17 May Iva Bell Hot Springs
Iva Bell Hot Springs, Inyo National Forest was an exhilarating hike. I left from Red’s Meadow Mammoth Lakes, California with some friends. I pressed hard to get ready for this trip. After my disappointing performance at Telescope Peak a few months before…I kicked up my cardio workout. This hike wasn’t going to have the altitude Telescope Peak had…but the 13 miles vs 7 miles had my attention and so did Iva Bell Hot Springs.
In every walk with nature one receives far more than he seeks.
Iva Bell Hot Springs
26 Mile Round Trip
Permits Are Required
Fish Creek Trail
Diverse scenery, be mindful of water sources, sun exposure and wind
Iva Bell Hot Springs
We arrived the day before the hike and car camped near the trail head. It would’ve been hard to drive the 5+ hours to the trail head and then hike 13 miles. I picked up some snacks and a beer from Red’s Meadow Resort and we downed our hiker meals. I brought some potatoes and eggs and fried them up for breakfast. Naturally I made more than I could eat and shared. My kindergarten teacher Mrs.Sundale would’ve been proud. How can I remember her name, when I forget so much?
The Mental State
I was mentally prepared for the trail and I was not disappointed with the level of difficulty. I was also mentally psyched about Iva Bell Hot Springs and I wasn’t disappointed either…in fact I was really impressed! Now the longest hike I’ve done in many years, before this one was a 7 miler. I’m still learning how to reduce my pack weight as well. I can’t remember my pack weight…or…is it I’m too embarrassed to say?
Out of the gate I could hear Rainbow Falls…it sounded pretty close but it was not on our plan to divert there. The trail was easy to follow with rock lines and signs guiding the way. This was my second trip out with the Inreach Explorer. I’m still figuring it out…but we were on track. We walked across some amazing and huge rock mountains. There were several streams flowing down the mountain and beautiful seasonal waterfalls. Water on the trail was plentiful. Soon after we left the the rock trail we came across the fire decimated area. The trees were gone and the ones that did stand were crispy sticks. I am amazed at how the scenery changes as I hiked and the views of the valley below were amazing. We crossed paths with several Pacific Crest Hikers. Their thin bodies, tattered clothes and odoriferous emanations were clear indicators of their objective. They were heading to Red’s Meadow for some…freshening up, food and beer. At about the 7 mile mark there is an out cropping providing a breathtaking panoramic view. Why didn’t I take a picture? After a few miles we finally reached the dreaded switchback. The view of the river below helped distract me from my knees. We finally crossed the bridge with about three miles to go.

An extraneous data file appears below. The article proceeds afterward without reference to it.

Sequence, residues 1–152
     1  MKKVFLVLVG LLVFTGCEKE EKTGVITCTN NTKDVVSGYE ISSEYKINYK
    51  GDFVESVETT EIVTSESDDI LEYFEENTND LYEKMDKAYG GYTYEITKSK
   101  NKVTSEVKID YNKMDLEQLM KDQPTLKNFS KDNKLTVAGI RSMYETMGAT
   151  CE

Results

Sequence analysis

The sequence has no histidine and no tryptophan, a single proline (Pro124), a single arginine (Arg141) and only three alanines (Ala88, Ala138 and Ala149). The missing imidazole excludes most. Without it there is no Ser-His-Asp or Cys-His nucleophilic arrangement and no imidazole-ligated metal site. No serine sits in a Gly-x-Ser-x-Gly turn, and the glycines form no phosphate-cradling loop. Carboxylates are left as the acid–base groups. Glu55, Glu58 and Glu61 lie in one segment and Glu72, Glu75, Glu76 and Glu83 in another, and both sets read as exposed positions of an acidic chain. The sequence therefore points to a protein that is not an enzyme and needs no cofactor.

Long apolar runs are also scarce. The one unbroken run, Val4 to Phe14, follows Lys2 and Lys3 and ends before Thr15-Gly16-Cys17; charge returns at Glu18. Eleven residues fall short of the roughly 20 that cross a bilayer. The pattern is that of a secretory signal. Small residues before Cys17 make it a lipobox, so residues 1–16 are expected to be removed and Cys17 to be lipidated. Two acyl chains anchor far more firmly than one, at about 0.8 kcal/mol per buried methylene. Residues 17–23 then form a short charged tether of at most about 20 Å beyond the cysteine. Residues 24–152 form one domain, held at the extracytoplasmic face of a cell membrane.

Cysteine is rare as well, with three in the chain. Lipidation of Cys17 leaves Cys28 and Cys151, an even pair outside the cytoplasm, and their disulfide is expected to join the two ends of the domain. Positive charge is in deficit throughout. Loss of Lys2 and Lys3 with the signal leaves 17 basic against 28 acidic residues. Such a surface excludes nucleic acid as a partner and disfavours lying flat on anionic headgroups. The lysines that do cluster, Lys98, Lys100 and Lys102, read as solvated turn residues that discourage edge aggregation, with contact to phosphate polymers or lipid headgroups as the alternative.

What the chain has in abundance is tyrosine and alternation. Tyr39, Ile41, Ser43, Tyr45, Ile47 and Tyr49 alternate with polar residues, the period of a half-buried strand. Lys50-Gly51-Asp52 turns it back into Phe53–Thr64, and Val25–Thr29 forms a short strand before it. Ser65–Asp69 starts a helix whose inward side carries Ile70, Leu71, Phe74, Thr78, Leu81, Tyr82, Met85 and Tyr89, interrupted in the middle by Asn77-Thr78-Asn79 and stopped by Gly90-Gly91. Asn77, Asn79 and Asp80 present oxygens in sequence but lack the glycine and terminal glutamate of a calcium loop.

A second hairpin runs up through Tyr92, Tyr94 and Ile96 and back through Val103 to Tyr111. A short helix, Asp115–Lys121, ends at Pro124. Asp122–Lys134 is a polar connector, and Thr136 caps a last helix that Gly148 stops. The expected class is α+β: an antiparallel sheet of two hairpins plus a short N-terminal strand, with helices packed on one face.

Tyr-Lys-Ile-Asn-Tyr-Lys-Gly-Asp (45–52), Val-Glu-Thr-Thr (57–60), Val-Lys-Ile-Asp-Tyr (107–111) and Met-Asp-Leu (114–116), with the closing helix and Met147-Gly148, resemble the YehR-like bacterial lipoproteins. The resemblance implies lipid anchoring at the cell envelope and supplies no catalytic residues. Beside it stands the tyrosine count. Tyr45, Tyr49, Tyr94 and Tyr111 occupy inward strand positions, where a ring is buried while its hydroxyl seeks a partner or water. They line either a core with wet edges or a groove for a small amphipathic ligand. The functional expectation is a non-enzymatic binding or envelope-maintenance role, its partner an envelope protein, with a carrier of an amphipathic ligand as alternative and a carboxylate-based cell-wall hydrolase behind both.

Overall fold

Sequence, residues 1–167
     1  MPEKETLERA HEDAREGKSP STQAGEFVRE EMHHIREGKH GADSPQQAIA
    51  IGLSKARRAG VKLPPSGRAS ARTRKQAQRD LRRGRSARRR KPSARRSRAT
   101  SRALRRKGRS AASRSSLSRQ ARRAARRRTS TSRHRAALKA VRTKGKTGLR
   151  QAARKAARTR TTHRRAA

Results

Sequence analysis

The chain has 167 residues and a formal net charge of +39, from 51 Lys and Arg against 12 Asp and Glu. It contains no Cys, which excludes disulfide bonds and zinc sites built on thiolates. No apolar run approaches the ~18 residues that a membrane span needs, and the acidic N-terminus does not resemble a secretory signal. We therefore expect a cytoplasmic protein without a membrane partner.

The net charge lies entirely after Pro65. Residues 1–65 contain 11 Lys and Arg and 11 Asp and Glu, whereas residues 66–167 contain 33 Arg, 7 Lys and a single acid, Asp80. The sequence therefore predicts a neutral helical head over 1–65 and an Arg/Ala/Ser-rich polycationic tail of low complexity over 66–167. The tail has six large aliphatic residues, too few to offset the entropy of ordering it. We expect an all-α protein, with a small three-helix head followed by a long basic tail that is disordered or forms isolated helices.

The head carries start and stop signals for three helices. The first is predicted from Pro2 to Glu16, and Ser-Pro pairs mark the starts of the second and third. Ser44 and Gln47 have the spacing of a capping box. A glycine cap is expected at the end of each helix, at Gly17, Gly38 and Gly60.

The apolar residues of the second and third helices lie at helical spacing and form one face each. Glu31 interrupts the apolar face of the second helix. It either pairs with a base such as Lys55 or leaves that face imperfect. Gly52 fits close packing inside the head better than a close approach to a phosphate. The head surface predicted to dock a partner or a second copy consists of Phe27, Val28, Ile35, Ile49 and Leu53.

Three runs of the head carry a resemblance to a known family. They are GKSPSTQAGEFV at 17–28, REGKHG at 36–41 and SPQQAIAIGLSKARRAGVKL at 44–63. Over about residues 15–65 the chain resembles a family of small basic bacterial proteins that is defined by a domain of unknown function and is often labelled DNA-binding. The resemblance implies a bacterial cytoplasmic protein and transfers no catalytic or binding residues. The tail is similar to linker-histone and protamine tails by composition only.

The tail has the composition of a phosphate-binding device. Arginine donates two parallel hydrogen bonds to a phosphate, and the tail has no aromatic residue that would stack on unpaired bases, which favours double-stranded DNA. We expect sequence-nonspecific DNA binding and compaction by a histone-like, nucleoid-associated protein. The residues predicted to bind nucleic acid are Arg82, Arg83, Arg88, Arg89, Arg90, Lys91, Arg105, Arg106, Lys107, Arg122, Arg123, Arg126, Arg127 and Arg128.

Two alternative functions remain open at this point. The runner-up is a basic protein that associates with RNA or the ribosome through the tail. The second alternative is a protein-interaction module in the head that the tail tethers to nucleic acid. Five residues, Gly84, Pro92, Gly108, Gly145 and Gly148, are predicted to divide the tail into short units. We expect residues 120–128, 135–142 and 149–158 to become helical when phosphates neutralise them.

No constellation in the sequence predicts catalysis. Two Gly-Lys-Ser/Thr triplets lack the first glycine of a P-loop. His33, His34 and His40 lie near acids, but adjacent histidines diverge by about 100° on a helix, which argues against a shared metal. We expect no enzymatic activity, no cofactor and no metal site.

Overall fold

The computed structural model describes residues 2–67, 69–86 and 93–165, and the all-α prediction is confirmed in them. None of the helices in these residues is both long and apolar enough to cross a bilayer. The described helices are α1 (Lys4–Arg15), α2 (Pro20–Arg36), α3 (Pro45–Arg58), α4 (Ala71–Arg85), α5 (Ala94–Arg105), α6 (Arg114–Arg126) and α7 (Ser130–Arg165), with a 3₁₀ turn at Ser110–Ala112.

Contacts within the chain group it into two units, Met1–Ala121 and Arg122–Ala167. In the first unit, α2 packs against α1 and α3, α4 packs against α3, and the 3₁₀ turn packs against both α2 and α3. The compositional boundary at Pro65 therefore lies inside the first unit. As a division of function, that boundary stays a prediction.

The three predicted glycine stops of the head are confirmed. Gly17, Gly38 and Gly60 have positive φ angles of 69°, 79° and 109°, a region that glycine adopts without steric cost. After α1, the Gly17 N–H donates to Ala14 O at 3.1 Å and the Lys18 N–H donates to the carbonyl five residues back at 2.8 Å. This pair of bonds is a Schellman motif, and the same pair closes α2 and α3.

The Break (one of many)
I can’t remember what time it was…but food was definitely on my mind. I found a shade tree and quickly consumed my meal. I was so sweaty from the hike I stripped down to my boxers to dry out my clothes. I took a short nap but woke suddenly to about a million ants…ok maybe 20…crawling all over me. I must have looked funny beating myself with my sock to get them off.
The Trail AgainWe started the last three miles and it followed the river on our left. I was the slow one and everyone knew I wanted them to go ahead…when I lagged behind. It seemed to take forever to get there. As I started climbing another mountain and slogging my way up the switchbacks it only took me about 20 minutes to see I was off course according to my Inreach Explorer…I missed the junction. It was back down the hill near the river. As I grumbled down the hill another person was cruising up the trail… He was sweatier than I was. He stopped to take a breath and I told him I missed the Iva Bell Junction and was going back down. He did the same thing…grunted, turned tail and headed down just as fast as he came up. When I reached the bottom, one of my hiker friends was waiting for me. I’m glad he did because I wouldn’t have found the campsite for awhile.